First-time Garden Tips

Buying garden plants | KaleAndAle.com

Picking out plants for the garden.

For many years I’ve known when I owned a home I would have a garden. I became a homeowner a year (and one week, but who’s counting?!?) ago, just in time to rake a crazy amount of leaves. As soon as the snow was off the ground this spring, I began to plan my garden and once frost was over, I dug in, but early fall is the perfect time to start planning your garden for next year. Start today by seeing how and when the sun is in your yard to decide what types of plants might work best, and thinking about what you would want to grow to eat this time next year. See the “Gardening Tips” bullet points below for more tips and the USDA website for more info.

Previously I have tried container gardening with no success, as in figuring out the exact moment the basil plant won’t survive and taking off all the leaves to break even on the plant. I know the soil is better in the upper Midwest than it would be in the sandy ground of Florida, but I didn’t know what to expect. What I ended up with is an embarrassment of riches. It’s getting to the point that I keep watching the weather and I know I’m going to run out of time (typical plant hardiness zone 4B issues, I tell ya!) before it starts to frost and I’ll still have green tomatoes and other plants producing.

Garden just planted | KaleAndAle.com

The garden early on.

Garden end of season | KaleAndAle.com

The garden last week, near the end of the season.

Very soon I’ll be picking a lot of green tomatoes and grabbing the potted herbs and bringing them all indoors to salvage what I can. Check back Monday as I give tips on what to do with a large bounty at the end (or anytime) during the season when the produce is coming faster than can be consumed and to preserve for the colder months.

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Gardening Tips

Planning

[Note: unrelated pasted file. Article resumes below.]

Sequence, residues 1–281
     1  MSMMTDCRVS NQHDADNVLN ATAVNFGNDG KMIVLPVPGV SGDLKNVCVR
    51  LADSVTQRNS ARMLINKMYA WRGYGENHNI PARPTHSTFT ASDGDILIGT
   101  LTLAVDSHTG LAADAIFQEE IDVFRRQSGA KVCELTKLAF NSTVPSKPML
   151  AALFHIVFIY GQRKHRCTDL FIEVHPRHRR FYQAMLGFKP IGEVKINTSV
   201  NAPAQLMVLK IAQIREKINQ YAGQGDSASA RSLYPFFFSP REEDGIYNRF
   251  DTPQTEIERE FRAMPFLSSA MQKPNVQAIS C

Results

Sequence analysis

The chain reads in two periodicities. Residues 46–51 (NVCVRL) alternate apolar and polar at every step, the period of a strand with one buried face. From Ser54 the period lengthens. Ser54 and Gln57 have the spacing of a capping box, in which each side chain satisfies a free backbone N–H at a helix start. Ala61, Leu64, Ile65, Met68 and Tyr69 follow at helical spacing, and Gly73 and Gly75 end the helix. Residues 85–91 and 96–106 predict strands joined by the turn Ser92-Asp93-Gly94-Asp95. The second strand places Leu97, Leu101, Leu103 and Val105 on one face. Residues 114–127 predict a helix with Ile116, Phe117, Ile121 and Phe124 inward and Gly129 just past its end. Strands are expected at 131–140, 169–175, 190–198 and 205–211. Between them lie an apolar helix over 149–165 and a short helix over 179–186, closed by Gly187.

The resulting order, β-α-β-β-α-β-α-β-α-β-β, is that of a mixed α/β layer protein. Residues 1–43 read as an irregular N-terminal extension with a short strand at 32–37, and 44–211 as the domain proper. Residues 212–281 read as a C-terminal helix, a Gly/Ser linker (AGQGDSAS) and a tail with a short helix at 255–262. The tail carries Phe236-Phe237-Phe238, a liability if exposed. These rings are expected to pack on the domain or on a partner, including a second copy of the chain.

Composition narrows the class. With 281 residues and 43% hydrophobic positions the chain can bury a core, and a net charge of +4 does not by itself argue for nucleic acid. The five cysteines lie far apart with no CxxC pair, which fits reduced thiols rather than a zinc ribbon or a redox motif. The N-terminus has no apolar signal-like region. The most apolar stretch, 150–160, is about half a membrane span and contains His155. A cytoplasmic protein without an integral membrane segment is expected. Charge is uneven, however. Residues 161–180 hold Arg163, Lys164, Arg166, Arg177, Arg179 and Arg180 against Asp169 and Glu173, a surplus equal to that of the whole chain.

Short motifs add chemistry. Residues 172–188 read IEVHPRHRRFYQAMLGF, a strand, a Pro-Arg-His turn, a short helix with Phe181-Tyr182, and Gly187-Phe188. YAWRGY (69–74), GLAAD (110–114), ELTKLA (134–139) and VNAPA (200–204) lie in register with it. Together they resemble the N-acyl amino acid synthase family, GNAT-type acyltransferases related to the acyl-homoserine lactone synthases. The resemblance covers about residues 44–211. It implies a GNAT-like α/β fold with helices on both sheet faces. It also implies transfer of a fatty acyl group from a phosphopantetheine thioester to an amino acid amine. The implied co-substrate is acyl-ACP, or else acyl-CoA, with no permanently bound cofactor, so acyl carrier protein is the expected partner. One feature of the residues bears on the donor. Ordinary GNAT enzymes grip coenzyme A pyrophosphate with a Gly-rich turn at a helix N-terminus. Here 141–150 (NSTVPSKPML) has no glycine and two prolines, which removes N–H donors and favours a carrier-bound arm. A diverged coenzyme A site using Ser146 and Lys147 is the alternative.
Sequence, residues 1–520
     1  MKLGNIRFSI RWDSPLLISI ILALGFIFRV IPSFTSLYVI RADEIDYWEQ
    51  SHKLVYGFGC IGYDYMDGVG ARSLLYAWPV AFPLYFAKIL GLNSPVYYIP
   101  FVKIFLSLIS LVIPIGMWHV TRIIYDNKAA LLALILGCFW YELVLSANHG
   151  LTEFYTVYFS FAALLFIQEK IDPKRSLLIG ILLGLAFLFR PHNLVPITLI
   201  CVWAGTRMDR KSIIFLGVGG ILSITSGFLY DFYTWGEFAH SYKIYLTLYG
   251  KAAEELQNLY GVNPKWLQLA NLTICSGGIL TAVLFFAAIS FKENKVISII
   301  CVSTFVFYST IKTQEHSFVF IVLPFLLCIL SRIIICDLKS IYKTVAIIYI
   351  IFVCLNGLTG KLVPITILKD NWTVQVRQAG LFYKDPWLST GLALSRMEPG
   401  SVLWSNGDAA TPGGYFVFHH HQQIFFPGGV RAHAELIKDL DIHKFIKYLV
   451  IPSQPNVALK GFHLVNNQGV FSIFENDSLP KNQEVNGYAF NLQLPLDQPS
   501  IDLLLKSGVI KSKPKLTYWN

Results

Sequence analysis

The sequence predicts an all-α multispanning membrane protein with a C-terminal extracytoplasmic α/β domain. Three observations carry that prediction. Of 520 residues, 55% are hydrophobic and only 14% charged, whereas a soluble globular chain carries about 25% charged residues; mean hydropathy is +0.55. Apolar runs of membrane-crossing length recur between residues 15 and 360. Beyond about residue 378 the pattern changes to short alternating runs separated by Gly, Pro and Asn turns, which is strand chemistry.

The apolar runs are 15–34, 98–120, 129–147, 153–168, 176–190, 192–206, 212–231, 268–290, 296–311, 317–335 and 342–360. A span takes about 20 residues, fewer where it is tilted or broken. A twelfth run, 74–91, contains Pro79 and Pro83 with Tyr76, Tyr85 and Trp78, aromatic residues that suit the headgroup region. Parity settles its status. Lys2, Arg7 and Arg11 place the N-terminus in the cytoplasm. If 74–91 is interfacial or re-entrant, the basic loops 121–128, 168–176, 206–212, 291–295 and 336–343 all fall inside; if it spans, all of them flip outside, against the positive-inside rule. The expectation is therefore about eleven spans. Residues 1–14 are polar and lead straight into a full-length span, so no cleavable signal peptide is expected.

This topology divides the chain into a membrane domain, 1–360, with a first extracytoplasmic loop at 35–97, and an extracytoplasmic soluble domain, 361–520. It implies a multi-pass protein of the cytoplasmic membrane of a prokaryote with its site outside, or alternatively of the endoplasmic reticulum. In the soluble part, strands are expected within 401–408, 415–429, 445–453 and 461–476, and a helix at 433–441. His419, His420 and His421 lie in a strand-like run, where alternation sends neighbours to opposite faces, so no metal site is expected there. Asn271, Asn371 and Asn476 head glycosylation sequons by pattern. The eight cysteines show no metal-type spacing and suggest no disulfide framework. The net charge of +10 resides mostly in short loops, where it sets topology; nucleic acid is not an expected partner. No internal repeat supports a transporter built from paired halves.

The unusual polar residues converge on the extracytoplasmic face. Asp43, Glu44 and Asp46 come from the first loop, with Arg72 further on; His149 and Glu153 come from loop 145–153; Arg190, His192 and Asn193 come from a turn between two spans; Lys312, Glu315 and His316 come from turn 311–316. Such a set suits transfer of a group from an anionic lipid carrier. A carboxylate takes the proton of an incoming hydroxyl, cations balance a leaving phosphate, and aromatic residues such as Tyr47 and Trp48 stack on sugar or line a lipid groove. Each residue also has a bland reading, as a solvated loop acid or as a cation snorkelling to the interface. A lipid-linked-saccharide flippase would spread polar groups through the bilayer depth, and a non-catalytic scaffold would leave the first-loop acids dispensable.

• Once you figure out what you want to grow, find out how much space to leave and how big the plant will get.
  • See what amount of sunlight each plant needs and if your garden will provide it
  • Once you know these two things, see if what you want to grow is still realistic with the size and location of your garden.

Preparation

  • Build what you need. Fencing that animals can’t get through is good. Next year I’m going to add a trellis on one side for the yellow pear tomatoes that are up to 10 feet tall.
  • Build your garden in a way that you can still reach the ground to weed and pick produce. I’m going to add a paved path in the middle of my garden next year to walk through the middle.
  • Add dirt, if needed, and till the garden to make it easier to plant and for the roots to grow.
  • Buy any supplies you might need (tools; fencing; watering items; fertilizer; twine, cages or poles for growing; etc.).
  • Plant in pots what can—or should—be kept on its own, especially plants that spread and creep, are made to be hanging plants, or would be better to be oved to more/less sunlight.

Growing

  • I was told by a longtime gardener it’s not really worth starting from seedlings because the space/time/items needed aren’t often worth the return.
  • Rotate crops year to year to maintain the soil.
  • Trim back/prune branches as they begin to grow so they don’t get out of control and to get healthy, bountiful produce.
  • Water and drain as recommended for the plant
  • If a plant is on its last leg, give it some love with water and plant food. One tomato plant came back that way.

As mentioned above, my next post will be about what to do with all the harvest.

If you have gardened, what tips would you pass along to first-timers?

If you want to have your first garden, what else would you like to know about?